It has been over 70 years since the British left South Asia. Yet, most of the countries in the region have not been able to rid themselves of their colonial legacy of exploiting social divides and perpetuating extractive state institutions. As a result, many of the challenges facing South Asia today can be attributed to non-representative, irresponsive, and unaccountable national governments whose primarily objective is hanging on to power.
Authoritarianism remains a persistent problem across much of our region, even if authoritarian tendencies exhibit themselves in different forms. In Bangladesh, for example, the political sphere has been dominated by two ruling dynasties with intermittent periods of military rule, and now the near chokehold of the Awami League on domestic politics since 2009.
India, the largest democracy in the world, has shaken off the dynastic rule of the Congress but the country’s socio-economic and political imagination has increasingly been dominated by Hindu majoritarianism. Prime Minister Narendra Modi was persona non grata in the United States for his alleged role in the Gujarat massacre when he was the chief minister of that state. Yet, after he became the prime minister, Modi has repeatedly received the red-carpet treatment not only in the US but in much of Europe, as the leader of “the largest democracy in the world”. Yet, Modi remains adamant that he will continue manipulating ethno-nationalist tendencies to distract from his lacklustre governance.
In Sri Lanka, on the heels of the Easter bombing of 2019, we saw the return to power of the Rajapaksa brothers who had crushed the LTTE in 2009. Their comeback has given wind to ethno-nationalist Sinhalese Buddhists, whose disdain has widened from Tamil Hindus and Christians to the Muslim minority in the country. The Rajapaksa brothers led a brutal operation against the LTTE, which evoked much international criticism. Yet, both the US and Great Britain had remained reluctant to back earlier Norwegian efforts to negotiate peace with the Tamils in lieu of greater autonomy, as this peace deal did not align with their own perceived geostrategic interest of preserving a unitary Sri Lankan state.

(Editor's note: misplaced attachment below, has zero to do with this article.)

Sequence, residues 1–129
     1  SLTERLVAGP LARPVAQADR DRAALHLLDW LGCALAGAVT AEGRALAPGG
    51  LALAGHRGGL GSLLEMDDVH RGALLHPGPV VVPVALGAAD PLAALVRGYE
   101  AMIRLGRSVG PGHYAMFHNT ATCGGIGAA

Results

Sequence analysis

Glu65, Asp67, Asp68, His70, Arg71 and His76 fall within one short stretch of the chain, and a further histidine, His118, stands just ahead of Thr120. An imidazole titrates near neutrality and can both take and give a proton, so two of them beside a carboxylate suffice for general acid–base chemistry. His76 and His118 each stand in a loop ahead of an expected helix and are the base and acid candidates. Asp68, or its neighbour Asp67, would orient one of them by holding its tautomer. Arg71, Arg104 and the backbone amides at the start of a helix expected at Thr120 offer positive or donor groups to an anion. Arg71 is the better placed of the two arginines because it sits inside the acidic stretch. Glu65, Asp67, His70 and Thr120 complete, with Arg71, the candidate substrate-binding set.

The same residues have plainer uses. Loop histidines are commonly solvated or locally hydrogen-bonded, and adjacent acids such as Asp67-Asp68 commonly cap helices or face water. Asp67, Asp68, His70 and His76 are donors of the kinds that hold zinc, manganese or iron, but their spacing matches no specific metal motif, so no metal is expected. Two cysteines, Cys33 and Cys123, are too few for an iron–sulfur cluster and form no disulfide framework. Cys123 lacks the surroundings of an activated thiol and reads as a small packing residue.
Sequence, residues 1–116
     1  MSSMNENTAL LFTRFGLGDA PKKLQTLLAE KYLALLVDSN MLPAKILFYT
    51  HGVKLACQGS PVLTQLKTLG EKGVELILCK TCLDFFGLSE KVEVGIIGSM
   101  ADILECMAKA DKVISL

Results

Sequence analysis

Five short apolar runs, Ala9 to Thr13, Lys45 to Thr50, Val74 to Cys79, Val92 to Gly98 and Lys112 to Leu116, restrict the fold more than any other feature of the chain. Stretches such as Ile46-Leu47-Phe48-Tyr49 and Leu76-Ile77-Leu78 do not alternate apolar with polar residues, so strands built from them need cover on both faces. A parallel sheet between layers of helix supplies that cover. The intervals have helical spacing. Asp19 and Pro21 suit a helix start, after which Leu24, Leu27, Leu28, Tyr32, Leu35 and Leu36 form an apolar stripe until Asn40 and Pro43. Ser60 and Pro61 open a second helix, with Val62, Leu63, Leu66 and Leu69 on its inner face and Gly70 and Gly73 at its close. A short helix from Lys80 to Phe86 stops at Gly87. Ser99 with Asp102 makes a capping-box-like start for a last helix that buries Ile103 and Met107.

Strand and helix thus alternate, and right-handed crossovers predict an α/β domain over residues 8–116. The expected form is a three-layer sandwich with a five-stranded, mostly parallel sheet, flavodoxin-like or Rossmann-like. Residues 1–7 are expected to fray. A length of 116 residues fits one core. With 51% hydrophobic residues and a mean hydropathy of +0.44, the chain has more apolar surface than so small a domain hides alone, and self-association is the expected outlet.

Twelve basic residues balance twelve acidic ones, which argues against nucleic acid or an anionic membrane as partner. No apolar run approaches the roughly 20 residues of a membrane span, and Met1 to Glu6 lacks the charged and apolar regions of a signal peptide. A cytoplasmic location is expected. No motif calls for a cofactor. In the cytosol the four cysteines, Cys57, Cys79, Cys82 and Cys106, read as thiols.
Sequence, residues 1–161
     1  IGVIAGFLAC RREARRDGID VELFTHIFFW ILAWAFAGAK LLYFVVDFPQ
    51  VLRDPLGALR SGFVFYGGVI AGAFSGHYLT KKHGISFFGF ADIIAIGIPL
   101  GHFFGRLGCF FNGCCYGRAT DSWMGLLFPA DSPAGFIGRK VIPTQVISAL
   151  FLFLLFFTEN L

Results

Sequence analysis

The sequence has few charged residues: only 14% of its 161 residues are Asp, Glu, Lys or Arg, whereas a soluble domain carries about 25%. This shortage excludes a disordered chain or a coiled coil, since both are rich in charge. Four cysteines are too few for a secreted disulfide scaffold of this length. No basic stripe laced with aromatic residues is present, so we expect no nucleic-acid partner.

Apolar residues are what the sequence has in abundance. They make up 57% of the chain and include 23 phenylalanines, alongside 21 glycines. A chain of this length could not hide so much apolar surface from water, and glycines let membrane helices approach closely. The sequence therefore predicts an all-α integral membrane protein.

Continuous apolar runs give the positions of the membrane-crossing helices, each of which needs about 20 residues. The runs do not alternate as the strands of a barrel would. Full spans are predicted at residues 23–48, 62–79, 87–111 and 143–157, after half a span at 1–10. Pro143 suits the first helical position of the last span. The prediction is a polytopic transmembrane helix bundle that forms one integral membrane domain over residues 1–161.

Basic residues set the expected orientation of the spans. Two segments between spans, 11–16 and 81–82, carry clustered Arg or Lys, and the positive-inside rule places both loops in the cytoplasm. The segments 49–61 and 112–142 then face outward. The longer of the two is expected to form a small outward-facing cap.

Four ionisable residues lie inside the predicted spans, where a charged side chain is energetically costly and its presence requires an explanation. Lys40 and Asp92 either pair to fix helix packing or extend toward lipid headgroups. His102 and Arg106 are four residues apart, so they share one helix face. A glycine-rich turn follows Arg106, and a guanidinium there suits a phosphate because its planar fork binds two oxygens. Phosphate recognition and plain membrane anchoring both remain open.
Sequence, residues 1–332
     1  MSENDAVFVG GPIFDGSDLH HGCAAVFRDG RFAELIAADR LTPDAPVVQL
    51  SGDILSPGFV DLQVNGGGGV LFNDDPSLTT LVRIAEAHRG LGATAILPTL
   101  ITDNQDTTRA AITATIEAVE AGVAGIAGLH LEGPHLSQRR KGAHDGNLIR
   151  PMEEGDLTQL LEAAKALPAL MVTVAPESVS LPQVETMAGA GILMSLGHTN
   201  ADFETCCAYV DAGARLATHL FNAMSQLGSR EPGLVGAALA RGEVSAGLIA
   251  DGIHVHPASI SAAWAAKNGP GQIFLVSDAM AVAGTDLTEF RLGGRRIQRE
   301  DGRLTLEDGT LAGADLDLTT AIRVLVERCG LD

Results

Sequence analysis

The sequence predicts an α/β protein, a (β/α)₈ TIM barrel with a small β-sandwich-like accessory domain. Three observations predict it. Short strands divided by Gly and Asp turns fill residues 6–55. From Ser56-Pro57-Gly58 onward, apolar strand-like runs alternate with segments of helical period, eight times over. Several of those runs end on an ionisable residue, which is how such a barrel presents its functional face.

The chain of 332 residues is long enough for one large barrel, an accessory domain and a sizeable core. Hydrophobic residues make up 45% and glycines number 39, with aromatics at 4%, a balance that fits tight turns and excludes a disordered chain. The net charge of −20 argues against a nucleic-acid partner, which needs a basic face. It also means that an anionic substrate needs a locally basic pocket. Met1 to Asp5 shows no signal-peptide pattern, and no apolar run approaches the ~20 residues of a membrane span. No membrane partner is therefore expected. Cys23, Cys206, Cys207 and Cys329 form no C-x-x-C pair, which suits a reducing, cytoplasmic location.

In the case of Pakistan, the notion of Islam proved unable to keep Bangladesh from breaking away in 1971 frustrated by the hegemonic assertions of the western wing of the country. Yet, the Pakistani establishment has continued relying on politicisation of religion to legitimate its direct and indirect political influence. The creation of the Pakistan Tehreek-e-Insaaf provided an alternative option to voters but many citizens remain disappointed with the incumbents for their continued reliance on political families to assume power, and for their inability to deliver meaningful change.
The elite capture of resources remains a persistent problem in not only Pakistan but in the other large South Asian states as well. While Bangladesh has performed impressively compared to its neigbouring states in terms of improving the overall lives of its people, widespread corruption, and deprivation remain major problems plaguing all four of the largest South Asian states.
Increasing liberalisation and reliance on market-based policies propagated by the World Bank and the IMF have not been able to alleviate inequalities or deliver sustainable economic growth and human development in South Asia.
While colonialism ended many decades ago, vested geopolitical interests, perpetuated by local political elites, continue to hinder representative democracy to flourish in this most populous region of the world. Defence spending and debt servicing take an inordinate share of our national incomes while much of the citizenry remains deprived of the social investments needed to ensure a decent quality of life.
Published in The Express Tribune, June 4th, 2021.
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